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Teardown reveals good news for Steam Deck repairability

Right to Repair fans, you’re in luck, because the Steam Deck is pretty easy to fix according to iFixit’s teardown.

Valve released its own teardown video a few months ago, but it was packed with warnings about why you shouldn’t do it yourself. Undeterred by the warning, iFixit went to work and quickly tore down its model provided by Valve. The results are pretty surprising. Nearly every relevant part of the machine can be taken out, with rumors that Steam will have replacement parts widely available down the line.

A Steam Deck with the back covered removed, showing that one can easily remove the thumb sticks.

Of note is just how simple it is to swap out the thumbsticks. Drifting is a major problem on pretty much every controller in this console generation, most notably on the Nintendo Switch. Valve made it simple by letting users easily disconnect the entire thumbtack module for easy replacement.

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The SSD is also easy to get out, needing only one screw removed to free it from the motherboard. The motherboard is also labeled very clearly, so it’s easy to remember what needs to go where when reassembling it. Everything is simple to remove and only requires a Phillips-head screwdriver to take almost everything out.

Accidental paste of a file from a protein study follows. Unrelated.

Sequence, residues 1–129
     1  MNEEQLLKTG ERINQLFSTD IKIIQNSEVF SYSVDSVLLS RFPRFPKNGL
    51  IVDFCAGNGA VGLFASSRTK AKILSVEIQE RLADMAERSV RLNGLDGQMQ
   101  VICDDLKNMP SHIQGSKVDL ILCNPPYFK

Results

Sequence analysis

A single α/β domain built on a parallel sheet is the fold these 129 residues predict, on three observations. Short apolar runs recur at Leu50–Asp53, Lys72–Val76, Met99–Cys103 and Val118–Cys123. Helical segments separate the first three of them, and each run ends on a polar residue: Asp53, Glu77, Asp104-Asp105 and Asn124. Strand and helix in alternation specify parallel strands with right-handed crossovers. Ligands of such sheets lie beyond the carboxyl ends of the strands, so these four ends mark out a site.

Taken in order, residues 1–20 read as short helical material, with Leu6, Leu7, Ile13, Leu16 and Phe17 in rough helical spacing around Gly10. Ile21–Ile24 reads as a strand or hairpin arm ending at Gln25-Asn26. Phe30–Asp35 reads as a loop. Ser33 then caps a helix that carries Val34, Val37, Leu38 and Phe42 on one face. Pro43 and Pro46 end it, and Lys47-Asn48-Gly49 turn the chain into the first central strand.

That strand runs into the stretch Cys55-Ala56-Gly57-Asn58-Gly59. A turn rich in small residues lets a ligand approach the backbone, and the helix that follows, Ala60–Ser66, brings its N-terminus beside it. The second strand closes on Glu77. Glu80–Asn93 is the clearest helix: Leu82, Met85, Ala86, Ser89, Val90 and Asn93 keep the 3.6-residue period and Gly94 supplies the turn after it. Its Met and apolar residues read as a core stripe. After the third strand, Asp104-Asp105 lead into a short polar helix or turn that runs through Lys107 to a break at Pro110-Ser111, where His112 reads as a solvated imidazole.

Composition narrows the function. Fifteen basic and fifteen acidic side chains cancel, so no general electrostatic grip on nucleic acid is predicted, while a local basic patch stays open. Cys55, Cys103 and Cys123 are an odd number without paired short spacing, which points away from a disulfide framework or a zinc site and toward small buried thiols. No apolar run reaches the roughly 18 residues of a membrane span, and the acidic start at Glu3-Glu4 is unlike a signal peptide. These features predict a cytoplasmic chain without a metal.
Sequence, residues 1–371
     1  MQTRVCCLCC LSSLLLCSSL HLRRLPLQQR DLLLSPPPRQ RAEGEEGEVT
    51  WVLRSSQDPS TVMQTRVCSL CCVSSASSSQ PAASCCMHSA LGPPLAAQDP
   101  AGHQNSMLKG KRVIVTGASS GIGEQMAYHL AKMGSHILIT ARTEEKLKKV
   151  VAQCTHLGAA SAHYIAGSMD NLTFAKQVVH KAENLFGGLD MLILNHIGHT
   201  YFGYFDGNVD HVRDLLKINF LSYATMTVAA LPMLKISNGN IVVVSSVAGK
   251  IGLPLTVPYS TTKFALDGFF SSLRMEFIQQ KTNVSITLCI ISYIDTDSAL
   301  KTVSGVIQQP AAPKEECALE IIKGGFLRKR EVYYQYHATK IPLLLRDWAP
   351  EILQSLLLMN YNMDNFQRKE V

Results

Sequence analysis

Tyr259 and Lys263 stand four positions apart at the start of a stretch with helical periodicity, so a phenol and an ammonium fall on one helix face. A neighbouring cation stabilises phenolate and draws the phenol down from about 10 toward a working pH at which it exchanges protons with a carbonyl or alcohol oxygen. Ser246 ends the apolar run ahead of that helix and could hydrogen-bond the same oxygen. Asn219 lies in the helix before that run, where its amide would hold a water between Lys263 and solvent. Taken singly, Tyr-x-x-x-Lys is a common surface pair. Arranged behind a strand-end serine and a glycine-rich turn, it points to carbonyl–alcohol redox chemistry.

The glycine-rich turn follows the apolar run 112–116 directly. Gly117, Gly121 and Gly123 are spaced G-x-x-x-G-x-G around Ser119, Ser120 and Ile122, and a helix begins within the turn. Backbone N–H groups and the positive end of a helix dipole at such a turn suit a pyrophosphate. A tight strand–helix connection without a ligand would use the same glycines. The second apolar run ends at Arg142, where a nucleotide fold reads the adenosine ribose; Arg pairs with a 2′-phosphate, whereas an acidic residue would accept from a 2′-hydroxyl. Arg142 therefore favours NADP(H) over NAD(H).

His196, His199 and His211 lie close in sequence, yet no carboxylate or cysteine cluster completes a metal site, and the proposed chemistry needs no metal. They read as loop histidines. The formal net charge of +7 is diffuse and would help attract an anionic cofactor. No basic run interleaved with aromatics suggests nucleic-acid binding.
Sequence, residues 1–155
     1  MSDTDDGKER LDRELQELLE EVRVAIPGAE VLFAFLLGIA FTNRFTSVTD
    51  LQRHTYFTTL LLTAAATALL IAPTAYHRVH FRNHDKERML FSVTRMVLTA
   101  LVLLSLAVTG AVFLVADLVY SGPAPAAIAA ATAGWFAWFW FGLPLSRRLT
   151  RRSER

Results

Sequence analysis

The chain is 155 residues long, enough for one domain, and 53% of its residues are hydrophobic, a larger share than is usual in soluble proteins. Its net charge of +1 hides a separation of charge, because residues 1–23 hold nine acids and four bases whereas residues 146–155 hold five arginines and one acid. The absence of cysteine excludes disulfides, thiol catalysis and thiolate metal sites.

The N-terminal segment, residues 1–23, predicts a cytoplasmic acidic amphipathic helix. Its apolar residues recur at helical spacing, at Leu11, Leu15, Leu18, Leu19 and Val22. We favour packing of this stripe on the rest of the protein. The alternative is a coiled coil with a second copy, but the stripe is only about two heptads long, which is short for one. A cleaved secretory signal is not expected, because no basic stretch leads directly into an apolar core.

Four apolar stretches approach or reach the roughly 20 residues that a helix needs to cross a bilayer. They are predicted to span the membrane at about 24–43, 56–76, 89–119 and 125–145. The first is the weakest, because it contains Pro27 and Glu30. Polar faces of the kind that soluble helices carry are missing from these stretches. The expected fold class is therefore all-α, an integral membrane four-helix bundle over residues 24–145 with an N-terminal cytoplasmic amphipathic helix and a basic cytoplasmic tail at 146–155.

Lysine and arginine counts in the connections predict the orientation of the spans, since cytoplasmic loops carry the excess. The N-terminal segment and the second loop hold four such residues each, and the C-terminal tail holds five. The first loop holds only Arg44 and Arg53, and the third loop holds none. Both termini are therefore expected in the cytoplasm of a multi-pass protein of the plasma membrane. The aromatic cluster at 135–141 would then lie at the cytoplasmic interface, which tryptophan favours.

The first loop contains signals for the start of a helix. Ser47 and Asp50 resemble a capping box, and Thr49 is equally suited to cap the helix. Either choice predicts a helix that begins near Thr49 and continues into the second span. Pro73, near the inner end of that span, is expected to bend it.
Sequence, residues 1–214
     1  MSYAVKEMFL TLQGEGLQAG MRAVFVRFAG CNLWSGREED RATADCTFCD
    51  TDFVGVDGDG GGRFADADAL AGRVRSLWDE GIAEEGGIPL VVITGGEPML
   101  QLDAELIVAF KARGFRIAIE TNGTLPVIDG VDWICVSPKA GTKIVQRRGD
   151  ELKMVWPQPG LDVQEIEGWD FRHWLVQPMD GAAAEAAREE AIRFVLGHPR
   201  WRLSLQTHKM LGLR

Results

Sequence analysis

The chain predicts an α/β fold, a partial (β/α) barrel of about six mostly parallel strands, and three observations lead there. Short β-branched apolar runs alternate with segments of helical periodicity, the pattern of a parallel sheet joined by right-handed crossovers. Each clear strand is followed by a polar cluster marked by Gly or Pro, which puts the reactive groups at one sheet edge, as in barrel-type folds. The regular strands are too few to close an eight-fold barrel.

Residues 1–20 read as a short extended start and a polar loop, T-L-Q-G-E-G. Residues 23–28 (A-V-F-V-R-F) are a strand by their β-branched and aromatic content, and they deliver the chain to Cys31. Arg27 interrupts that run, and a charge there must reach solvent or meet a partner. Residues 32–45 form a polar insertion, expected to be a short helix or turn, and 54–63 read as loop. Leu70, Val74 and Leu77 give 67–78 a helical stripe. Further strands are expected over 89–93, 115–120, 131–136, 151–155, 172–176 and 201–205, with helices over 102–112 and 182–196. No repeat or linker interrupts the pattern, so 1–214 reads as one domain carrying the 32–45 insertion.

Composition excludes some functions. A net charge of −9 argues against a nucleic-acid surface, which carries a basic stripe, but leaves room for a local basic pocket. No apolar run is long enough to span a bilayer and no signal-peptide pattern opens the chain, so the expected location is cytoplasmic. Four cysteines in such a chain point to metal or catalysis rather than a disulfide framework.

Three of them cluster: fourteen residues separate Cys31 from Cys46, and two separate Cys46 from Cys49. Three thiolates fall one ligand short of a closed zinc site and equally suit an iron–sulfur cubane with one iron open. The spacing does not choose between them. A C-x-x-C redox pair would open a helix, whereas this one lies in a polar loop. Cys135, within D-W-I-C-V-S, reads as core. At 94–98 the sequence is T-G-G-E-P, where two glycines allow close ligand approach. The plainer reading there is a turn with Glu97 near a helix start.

Not everything is easy to remove, though. The trigger buttons require a bit more manhandling to remove. The battery is the real problem, though. It is tucked awkwardly into the frame and held down with lots of adhesive. That’s obnoxious, considering battery replacement will likely be the most common type of repair on a device like this.

All in all, iFixit gave it a 7 out of 10 on the repairability scale, which is quite high compared to other modern handheld electronics. It didn’t score as high as the Nintendo Switch (8 out of 10), but it’s leaps and bounds ahead of Apple devices. The 11-inch iPad Pro scored a paltry 3 out of 10. That’s not a handheld console, but you get the idea.

It looks like Valve has put a lot of work into making the Steam Deck a viable product that consumers will be able to enjoy for years to come. That benefits Valve, whose primary income is from game purchases and not hardware, and it benefits consumers as well.

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